Executives at the property portal attributed to fall to the summer holiday period, insisting the market would finish with seven per cent year-on-year growth by December this year. But other property onlookers believe it’s more than that. They insist the speedy rise in the cost of living is beginning to take effect.

New mortgages costing more than old

The Bank of England’s base interest rate rise this month was the largest increase in 27 years. For the first time in almost a decade the typical interest rate for new mortgages is higher than for existing mortgages. 

Lending rates have risen from one per cent to four per cent within the past year – substantially increasing monthly mortgage costs for many borrowers.

When rates have risen this dramatically in the past it has been during a period when the property market was extremely slow.

However, responsible lending this time round (compared to the 2007 recession) means many homeowners haven’t over-stretched their budgets, insist analysts. That means we’re not expecting too many repossessions.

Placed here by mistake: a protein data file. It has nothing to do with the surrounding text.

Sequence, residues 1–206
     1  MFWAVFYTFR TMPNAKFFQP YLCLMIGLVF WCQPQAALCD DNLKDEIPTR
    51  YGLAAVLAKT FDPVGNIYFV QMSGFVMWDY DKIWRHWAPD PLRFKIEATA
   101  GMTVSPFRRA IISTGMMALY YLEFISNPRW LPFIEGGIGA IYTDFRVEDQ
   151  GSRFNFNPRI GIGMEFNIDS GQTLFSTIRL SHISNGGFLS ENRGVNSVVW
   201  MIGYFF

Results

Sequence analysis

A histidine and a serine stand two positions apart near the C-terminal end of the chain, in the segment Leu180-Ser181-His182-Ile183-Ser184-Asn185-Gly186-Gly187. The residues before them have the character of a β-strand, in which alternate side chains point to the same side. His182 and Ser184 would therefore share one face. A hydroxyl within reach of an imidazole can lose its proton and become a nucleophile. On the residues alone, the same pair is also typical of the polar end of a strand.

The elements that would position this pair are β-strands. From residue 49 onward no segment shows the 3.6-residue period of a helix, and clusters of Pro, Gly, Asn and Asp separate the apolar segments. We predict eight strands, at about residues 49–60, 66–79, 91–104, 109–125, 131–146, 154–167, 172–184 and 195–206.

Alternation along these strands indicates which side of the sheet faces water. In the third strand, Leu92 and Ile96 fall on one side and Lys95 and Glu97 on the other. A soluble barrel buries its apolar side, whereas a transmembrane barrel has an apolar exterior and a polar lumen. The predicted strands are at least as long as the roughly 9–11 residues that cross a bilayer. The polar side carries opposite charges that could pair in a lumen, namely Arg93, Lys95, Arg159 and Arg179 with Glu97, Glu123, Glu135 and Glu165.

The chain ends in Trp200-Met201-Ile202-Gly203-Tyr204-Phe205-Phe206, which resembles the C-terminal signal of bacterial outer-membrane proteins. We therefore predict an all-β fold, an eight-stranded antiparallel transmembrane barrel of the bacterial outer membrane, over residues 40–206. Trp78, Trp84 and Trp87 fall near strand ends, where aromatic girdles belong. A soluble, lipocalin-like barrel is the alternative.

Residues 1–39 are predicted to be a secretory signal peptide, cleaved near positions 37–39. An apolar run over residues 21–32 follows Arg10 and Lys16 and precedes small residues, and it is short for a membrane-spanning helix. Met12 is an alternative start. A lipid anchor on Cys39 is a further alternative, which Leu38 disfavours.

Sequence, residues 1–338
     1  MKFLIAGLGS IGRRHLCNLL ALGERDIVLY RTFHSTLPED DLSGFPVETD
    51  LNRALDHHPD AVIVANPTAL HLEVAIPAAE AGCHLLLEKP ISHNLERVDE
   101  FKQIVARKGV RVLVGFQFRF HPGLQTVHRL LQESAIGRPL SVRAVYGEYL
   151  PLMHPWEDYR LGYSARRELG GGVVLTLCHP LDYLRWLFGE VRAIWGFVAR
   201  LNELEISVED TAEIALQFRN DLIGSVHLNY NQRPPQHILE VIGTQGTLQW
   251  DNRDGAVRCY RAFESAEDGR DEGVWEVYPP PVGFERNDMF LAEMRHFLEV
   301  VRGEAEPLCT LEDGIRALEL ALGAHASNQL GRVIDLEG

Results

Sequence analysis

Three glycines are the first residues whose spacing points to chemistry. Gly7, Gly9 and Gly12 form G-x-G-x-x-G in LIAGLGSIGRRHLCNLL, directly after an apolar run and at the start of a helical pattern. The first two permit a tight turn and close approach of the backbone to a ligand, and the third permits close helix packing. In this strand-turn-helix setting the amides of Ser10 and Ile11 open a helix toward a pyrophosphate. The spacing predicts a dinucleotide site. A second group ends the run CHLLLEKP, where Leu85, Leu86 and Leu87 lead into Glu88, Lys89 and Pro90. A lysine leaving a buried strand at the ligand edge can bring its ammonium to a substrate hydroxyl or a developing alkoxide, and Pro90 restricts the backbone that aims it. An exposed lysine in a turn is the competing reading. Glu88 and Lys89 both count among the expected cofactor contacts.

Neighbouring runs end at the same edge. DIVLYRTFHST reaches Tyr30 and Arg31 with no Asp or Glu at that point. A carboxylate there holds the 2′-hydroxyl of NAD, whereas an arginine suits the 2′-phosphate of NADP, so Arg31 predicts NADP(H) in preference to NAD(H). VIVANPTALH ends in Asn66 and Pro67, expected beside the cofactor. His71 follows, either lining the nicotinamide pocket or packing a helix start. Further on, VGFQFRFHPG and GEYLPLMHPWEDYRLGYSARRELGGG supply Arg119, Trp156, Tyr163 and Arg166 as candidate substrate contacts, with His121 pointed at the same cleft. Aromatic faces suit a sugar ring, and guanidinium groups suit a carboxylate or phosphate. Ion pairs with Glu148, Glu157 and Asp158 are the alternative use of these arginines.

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UK Monthly House Prices Fall Again

The cost of the average property was down in July by 0.1 per cent to £293,221.

That’s according to the latest Halifax House Price Index, where – not surprisingly – analysts attribute the monthly fall to the increasingly tightening cost of living crisis, as well as the jump in mortgage interest rates.

Monthly mortgage hikes strike

The Bank of England increased its interest rate by 0.5 per cent this week. It took the UK base rate to 1.75 per cent, meaning those on tracker and variable mortgage rates will see a hike in their monthly payments. The interest rate rise itself was the highest in 27 years. 

Banking organisation UK Finance say there are around 800,000 borrowers on a tracker mortgage and another 1.1 million on a Standard Variable Rate (SVR) deal.